Freeze Frame: “Ghostbusters: Frozen Empire” (PG-13), “Late Night with the Devil” (R), “Shirley” (PG-13), “Cabrini” (PG-13), “The Crime is Mine” (Not rated)

Kansas City native son Paul Rudd is joined by originals Bill Murray, Dan Aykroyd and Ernie Hudson for another comically spooky go-round, “Ghostbusters: Frozen Empire.” The old team up with the new to combat a malevolent spirit bent on polarizing New York City. Admittedly, we’ve pretty much seen it all before, but it’s still good fun.

Another Kansas City native son David Dastmalchian, is excellent in the eerie horror entry, “Late Night with the Devil.” On Halloween night 1977, a talk show host tries to boost his sagging ratings by showcasing guests who are involved in paranormal activity. And all you-know-what breaks loose. “Late Night with the Devil” is an extremely inventive, skillfully made and genuinely creepy experience.

Oscar winner Regina King gives a strong performance as Congresswoman Shirley Chisolm in the Netflix biopic, “Shirley.” It focuses on Chisolm’s extraordinary campaign for President in 1972. While the film is respectful and competently made, its concentration on the nitty-gritty of her presidential run inhibits much insight into her inner life. In any case, “Shirley” is a worthwhile and revealing history lesson.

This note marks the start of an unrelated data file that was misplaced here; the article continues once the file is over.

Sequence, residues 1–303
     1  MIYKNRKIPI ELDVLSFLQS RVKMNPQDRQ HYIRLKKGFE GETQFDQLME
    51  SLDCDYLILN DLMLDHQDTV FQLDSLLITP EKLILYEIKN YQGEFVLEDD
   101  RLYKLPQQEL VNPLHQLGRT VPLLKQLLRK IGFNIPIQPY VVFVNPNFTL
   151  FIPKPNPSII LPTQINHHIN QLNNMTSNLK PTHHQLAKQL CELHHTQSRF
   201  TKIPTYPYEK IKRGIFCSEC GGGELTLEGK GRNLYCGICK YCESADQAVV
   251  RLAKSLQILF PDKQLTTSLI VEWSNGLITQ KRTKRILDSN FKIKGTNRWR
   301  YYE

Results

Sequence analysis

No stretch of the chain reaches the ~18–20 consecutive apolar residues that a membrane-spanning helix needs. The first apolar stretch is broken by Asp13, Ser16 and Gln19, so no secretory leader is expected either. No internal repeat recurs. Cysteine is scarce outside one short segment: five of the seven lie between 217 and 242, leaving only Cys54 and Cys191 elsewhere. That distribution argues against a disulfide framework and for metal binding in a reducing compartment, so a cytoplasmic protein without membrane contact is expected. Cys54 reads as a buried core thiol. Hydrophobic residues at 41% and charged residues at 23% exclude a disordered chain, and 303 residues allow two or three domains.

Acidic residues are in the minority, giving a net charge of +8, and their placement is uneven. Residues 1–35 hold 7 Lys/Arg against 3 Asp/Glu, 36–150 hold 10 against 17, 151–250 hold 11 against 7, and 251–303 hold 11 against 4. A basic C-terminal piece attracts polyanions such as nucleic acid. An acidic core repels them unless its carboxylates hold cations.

Tenacity and feminism are at the core of the biopic “Cabrini.” Christiana Dell’Anna plays Mother Cabrini, the Italian immigrant who courageously fought racism and sexism on her way to becoming America’s first saint. This faith-based film concentrates less on faith than as it does on Mother Cabrini’s unshakable determination. It’s affected, but it’s a reverential portrait.

A talented cast, fast pace and a handsome production elevate “The Crime is Mine,” a broad French period farce that could be seen as a cinematic cousin to the musical “Chicago.” A poor actress achieves success and fame after she’s accused of a murder she didn’t commit. It’s endearingly goofy.

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